Eating pork is not necessarily bad for you. Fresh pork, in particular the leaner cuts, is higher in protein than chicken. Cured pork is still very high in protein but also higher in saturated fat and processed with cures, smoking and salt. Other concerns arise because of the possible diseases pigs can carry and the conditions under which hogs are raised and processed.
Typically, the pork tenderloin is the leanest cut, with approximately 75 percent of its calories coming from protein. Protein is essential for building and maintaining muscle and providing a healthy energy source. With pork, the trade-off between protein and fat is an important health consideration for many people. Health concerns also arise about cured pork because curing adds chemicals, such as nitrates, that may cause an increase in blood pressure. Pork packaged fresh and without preservatives is recommended for most commercially packaged cuts.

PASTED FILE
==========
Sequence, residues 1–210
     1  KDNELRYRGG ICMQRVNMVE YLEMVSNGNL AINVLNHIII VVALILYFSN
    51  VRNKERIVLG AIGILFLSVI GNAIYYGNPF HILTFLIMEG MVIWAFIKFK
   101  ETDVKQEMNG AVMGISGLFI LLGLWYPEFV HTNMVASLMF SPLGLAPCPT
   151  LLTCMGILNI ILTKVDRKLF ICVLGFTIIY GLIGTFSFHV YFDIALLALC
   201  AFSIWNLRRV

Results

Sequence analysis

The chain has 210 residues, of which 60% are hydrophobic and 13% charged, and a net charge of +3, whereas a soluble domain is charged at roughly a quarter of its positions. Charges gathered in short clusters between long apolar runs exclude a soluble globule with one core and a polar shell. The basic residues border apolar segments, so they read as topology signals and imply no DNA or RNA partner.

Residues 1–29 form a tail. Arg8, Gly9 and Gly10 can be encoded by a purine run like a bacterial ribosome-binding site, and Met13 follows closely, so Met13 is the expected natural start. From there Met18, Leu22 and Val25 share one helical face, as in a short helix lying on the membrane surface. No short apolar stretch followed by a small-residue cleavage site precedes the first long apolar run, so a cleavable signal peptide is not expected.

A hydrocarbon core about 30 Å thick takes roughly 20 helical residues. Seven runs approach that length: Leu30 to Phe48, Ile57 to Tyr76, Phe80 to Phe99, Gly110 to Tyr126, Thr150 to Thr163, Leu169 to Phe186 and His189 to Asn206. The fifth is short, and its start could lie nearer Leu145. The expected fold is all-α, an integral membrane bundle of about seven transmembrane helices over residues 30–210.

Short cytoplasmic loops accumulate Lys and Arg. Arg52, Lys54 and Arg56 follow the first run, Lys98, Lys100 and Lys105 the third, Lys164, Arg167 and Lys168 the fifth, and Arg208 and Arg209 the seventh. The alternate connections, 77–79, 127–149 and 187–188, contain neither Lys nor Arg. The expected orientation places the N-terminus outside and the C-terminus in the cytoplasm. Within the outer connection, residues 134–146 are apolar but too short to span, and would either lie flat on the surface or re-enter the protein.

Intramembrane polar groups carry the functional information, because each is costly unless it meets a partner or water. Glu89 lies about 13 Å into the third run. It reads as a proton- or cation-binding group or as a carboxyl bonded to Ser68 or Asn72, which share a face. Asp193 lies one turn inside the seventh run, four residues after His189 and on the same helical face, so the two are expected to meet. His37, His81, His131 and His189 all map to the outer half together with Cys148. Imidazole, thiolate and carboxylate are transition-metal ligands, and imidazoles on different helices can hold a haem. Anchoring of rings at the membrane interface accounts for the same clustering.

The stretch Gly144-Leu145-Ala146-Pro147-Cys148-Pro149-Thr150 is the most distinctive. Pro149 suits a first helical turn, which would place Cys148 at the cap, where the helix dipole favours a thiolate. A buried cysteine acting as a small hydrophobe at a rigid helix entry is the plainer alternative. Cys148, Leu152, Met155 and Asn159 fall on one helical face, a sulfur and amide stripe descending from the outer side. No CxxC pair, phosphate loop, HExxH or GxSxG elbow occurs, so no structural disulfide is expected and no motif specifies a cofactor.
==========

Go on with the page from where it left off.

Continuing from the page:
Many people object to eating pork because of the idea that pigs are considered dirty animals. Some people are concerned with how the animals are treated, and the lack of humane care renders the meat ethically unclean and, for them, inedible. Pigs can also carry trichinellosis, which can pass to humans in raw or under-cooked pork.